What is happiness?

Being happy is not about living ‘life’s spectacular journey’. Nor is it about avoiding pain. A happy person feels all the dark emotions: anger, fear, sadness, grief . . . They’re just not broken by them.
  There are two kinds of happiness: ‘temporary happiness’ and ‘core happiness’.

Temporary happiness occurs when we experience the pleasure of winning money, seeing our team win, being with someone we love . . .  We also feel pleasure when we experience emotions such as wonder, pride, and gratitude. In each instance, chemicals flush our brain to make us feel good. Our happiness soars, but after a while we return to normal.
  In troubling times, like when a pet dies, our happiness can plummet, but we again return to normal.

Core happiness, or ‘set point’ or ‘baseline’ happiness is that general day-to-day sense of wellbeing we experience when nothing in particular is happening, like getting up in the morning, or taking a shower, or walking down the street. It’s innate. It is our default happiness. It’s the happiness which makes life worth living. We are not usually conscious of it, but it’s the lubricant to life.

This book focuses on our core happiness, but don’t get me wrong: pleasure is important. Life would be drab and pointless without it. However, people with access to countless pleasures – think of some celebrities – will still find life unsatisfying if they have a weak core happiness. Conversely, people with a strong core happiness, although they may not have access to many pleasures, will find pleasure in the little things of life.
  Of course, if something bad happens in our life – if our house burns down for example – we will understandably suffer. Our core happiness will be swamped by suffering. But midst the suffering we will still consider our life to be a happy one; we will instinctively know that life is worth living. We will endure the pain with the knowledge that at some point our grief will cease, and our happiness will return.
  Core happiness has nothing to do with joy. It’s what we feel when we are not joyful, and not suffering. As I said, it’s what we feel when nothing in particular is happening. When our house burns down, something in particular has happened, and understandably, our core happiness will be overwhelmed.

It’s helpful to distinguish between the two types of happiness. When I ask people what makes them happy they often say something like, ‘bushwalking’ or ‘being with friends’ or ‘frog racing’ . . . but those things provide the pleasure kind of happiness, not the core kind.
  When we need to make a decision we can ask ourselves the same question the Dalai Lama asks himself:  Will it bring pleasure, or happiness?’

To sum up, to have an enjoyable life we need to experience both the temporary happiness we get from short-term pleasures, and the milder, more pervasive ongoing core happiness. You can figure out for yourself what pleasures give you temporary happiness, but what about core happiness? How do we get that?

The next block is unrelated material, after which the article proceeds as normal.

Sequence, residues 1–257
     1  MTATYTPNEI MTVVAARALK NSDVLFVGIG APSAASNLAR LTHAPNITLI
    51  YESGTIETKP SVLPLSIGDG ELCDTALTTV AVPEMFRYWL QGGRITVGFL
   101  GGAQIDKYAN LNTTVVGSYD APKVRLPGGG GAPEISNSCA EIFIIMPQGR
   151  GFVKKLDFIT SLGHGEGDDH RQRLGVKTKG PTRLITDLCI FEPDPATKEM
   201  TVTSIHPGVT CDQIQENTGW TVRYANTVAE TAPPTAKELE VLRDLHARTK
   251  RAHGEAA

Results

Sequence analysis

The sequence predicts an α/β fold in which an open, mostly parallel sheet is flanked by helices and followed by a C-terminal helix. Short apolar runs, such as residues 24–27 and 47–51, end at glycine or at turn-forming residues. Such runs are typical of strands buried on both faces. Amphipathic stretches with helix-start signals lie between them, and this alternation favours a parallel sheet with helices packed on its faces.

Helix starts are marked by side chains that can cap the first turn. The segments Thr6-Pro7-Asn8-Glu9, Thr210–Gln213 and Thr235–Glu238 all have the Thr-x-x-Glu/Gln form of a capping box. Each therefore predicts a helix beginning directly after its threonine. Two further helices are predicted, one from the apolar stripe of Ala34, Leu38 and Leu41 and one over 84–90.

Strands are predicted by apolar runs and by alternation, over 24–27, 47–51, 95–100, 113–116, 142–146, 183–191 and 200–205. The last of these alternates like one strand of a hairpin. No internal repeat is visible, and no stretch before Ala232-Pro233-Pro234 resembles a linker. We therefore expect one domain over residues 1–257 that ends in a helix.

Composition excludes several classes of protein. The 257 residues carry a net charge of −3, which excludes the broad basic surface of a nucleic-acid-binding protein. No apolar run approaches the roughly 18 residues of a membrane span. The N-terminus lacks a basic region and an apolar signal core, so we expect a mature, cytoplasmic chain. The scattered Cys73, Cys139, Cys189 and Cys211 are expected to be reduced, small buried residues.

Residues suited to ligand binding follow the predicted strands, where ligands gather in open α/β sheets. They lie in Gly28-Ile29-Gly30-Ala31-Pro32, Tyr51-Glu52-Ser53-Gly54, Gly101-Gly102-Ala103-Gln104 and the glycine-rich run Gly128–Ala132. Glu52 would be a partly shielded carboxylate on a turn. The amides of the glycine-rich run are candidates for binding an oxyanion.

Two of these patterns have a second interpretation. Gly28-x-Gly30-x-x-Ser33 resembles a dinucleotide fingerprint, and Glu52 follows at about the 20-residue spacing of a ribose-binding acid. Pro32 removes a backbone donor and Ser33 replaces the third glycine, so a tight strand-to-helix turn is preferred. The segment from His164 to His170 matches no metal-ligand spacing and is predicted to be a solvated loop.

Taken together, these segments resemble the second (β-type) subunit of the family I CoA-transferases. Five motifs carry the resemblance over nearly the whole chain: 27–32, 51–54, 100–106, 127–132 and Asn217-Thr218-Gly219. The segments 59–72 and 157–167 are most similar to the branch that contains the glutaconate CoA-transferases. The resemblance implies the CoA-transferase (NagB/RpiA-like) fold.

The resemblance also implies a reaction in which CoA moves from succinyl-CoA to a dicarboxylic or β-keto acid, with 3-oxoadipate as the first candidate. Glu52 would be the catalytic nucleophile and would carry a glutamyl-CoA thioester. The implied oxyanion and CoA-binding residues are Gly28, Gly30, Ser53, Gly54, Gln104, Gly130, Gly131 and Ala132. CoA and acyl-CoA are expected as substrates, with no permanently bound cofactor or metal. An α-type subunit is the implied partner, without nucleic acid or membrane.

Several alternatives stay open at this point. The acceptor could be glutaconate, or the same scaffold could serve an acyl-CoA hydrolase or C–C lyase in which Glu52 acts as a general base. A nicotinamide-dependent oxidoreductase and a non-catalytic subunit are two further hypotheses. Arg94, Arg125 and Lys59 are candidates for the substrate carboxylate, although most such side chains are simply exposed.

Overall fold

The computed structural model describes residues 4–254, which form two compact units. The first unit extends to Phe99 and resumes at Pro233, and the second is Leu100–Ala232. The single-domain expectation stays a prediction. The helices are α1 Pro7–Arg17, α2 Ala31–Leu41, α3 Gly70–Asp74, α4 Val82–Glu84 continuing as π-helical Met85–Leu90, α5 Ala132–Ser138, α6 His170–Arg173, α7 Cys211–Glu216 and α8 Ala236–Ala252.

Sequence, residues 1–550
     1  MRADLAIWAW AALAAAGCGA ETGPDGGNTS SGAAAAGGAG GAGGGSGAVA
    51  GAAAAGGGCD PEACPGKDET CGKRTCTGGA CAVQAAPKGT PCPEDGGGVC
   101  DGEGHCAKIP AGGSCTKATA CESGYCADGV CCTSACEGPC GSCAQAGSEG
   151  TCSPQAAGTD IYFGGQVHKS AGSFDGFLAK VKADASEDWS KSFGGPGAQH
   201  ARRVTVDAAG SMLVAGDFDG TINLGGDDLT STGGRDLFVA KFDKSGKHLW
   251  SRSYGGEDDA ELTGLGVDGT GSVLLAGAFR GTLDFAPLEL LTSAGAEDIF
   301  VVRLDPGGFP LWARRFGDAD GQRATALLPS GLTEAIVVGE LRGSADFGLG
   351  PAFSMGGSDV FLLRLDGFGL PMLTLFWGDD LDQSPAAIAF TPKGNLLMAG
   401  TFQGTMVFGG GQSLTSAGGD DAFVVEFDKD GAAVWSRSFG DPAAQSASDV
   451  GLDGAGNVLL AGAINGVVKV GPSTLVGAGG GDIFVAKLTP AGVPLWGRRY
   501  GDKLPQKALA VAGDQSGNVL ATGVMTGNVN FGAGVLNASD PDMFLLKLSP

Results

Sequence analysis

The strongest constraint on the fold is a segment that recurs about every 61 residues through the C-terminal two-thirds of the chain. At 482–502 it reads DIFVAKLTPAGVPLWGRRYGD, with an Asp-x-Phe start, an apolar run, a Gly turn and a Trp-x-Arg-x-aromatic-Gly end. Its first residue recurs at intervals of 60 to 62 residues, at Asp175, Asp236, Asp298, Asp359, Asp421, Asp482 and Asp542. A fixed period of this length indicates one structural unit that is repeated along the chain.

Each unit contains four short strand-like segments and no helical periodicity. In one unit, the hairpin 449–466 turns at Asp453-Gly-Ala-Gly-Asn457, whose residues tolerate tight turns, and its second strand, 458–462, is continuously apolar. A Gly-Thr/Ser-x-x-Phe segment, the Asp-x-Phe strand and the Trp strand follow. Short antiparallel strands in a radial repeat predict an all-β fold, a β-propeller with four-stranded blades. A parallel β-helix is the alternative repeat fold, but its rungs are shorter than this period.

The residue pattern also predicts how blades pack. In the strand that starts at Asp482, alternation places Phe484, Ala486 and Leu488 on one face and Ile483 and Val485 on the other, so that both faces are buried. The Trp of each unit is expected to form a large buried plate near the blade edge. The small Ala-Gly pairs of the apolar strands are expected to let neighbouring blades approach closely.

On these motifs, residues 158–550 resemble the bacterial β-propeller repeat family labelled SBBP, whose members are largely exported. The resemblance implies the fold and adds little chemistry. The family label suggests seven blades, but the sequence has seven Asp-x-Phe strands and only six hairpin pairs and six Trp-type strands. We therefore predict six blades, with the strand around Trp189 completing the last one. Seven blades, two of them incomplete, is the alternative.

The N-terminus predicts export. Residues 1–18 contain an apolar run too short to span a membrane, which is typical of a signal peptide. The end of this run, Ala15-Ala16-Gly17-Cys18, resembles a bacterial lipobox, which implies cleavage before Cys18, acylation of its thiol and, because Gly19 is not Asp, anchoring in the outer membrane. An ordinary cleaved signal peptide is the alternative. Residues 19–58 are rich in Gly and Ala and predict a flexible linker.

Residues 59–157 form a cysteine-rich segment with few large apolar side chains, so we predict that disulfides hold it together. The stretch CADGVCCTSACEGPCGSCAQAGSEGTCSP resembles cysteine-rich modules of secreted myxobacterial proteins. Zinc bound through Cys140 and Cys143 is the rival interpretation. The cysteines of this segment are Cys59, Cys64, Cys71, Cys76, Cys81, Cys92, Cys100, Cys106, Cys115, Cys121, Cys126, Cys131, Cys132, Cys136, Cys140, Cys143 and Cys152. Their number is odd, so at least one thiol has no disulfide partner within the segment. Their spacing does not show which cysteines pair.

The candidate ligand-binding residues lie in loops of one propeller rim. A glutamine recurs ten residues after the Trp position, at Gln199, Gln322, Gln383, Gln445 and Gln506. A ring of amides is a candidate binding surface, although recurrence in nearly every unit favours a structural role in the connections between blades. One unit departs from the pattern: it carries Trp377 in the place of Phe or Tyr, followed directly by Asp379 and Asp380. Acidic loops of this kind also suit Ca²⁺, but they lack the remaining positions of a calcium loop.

To answer that question we first need to figure out why we have it. We’ll need a basic understanding of the process of natural selection. See you in the next chapter.

‘When I think of happiness I think of a bed. The most essential part of a comfortable bed is a solid mattress. On top of that mattress you have crumpled sheets, you have to change those sheets and pillowslips every week, you have disorganisation, you have cold, you have warmth. But the solid foundation is there and that’s your mattress, and all of the things on top of that mattress is what happens in life. The foundation is your happiness.’
Linda Burney, MP of NSW Legislative Assembly.

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Why does poo smell bad? A brief explanation of the process of natural selection.

This is a long chapter and different from the other chapters. If you’re willing to read on, here are four quick and basic examples of how natural selection works. Otherwise, jump to the next chapter, ‘How Did Happiness Evolve?

(1) Faeces smell bad because we evolved to perceive them that way. If our early ancestors had found the smell and taste of faeces enjoyable, or even neutral, then in times of famine they would have eaten their faeces. Or eaten someone else’s. That would have been bad for their health, and they may even have died. Only the ones who found the smell and taste awful would have refrained from eating faeces, and they got to live long enough to mate and pass on their genes.

(2) Camels store fat in their humps and that fat provides them with energy when there isn’t food around. Let’s say millions of years ago a camel is born with genes giving it a bigger hump than most other camels. In a severe drought that camel, having a larger energy supply on its back when food is scarce, is more likely to survive and pass on its genes. Over millions of years, with similar situations occurring, all camels end up with the gene and bigger humps. Natural selection has ‘guided’ a physical change.

(3) Let’s say millions of years ago there lived an animal similar to today’s okapi. On one side of a mountain range there are the open spaces of savannah, and the creatures fight with their heads to win mates. The ones that happen to born with bigger necks will have an advantage, and get to pass on their genes.
  On the other side of the mountain is jungle, and if one of those creatures is born with a bigger neck  it will have no advantage. It might well injure itself swinging its head.